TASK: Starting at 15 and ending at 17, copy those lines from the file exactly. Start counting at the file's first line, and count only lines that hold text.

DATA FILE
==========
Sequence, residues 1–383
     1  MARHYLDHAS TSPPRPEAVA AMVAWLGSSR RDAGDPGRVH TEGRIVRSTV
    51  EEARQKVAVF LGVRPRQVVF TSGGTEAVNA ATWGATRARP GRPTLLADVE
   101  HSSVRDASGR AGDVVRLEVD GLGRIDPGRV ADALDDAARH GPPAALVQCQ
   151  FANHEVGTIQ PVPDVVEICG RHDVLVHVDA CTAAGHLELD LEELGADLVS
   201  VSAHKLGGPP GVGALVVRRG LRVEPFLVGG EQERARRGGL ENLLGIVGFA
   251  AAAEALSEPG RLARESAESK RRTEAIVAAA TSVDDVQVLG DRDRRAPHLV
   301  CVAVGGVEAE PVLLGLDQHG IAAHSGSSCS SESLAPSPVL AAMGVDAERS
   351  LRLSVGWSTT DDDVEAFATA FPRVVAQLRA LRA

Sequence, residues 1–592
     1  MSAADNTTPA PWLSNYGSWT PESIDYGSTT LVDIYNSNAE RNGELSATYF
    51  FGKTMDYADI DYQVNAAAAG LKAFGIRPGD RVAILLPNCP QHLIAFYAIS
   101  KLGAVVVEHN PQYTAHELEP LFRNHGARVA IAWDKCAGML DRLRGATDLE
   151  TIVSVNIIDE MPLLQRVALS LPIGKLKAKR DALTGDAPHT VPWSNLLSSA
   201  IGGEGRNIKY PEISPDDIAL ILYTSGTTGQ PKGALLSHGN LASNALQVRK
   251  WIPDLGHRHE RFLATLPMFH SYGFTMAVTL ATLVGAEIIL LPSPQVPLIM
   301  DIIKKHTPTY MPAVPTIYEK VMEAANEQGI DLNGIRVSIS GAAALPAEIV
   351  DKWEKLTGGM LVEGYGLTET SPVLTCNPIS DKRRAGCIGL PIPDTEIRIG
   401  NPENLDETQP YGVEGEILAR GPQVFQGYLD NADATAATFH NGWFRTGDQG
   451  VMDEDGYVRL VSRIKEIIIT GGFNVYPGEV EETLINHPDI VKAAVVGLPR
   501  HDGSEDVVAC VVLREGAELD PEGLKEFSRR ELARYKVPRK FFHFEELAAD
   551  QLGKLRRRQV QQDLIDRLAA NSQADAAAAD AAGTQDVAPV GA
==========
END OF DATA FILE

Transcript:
   201  IGGEGRNIKY PEISPDDIAL ILYTSGTTGQ PKGALLSHGN LASNALQVRK
   251  WIPDLGHRHE RFLATLPMFH SYGFTMAVTL ATLVGAEIIL LPSPQVPLIM
   301  DIIKKHTPTY MPAVPTIYEK VMEAANEQGI DLNGIRVSIS GAAALPAEIV